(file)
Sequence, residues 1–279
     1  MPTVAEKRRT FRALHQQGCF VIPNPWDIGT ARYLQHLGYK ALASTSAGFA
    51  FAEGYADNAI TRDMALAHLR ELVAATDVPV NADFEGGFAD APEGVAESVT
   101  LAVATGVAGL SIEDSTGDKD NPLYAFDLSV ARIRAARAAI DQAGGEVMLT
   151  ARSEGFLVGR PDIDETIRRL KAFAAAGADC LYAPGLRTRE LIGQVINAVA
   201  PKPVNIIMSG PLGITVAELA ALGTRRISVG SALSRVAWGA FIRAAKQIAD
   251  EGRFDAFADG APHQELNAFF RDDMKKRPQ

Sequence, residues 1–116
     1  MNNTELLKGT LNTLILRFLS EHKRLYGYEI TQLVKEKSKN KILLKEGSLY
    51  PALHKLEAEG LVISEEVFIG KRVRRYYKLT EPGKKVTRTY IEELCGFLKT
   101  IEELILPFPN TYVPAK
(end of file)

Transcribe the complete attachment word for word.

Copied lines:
Sequence, residues 1–279
     1  MPTVAEKRRT FRALHQQGCF VIPNPWDIGT ARYLQHLGYK ALASTSAGFA
    51  FAEGYADNAI TRDMALAHLR ELVAATDVPV NADFEGGFAD APEGVAESVT
   101  LAVATGVAGL SIEDSTGDKD NPLYAFDLSV ARIRAARAAI DQAGGEVMLT
   151  ARSEGFLVGR PDIDETIRRL KAFAAAGADC LYAPGLRTRE LIGQVINAVA
   201  PKPVNIIMSG PLGITVAELA ALGTRRISVG SALSRVAWGA FIRAAKQIAD
   251  EGRFDAFADG APHQELNAFF RDDMKKRPQ

Sequence, residues 1–116
     1  MNNTELLKGT LNTLILRFLS EHKRLYGYEI TQLVKEKSKN KILLKEGSLY
    51  PALHKLEAEG LVISEEVFIG KRVRRYYKLT EPGKKVTRTY IEELCGFLKT
   101  IEELILPFPN TYVPAK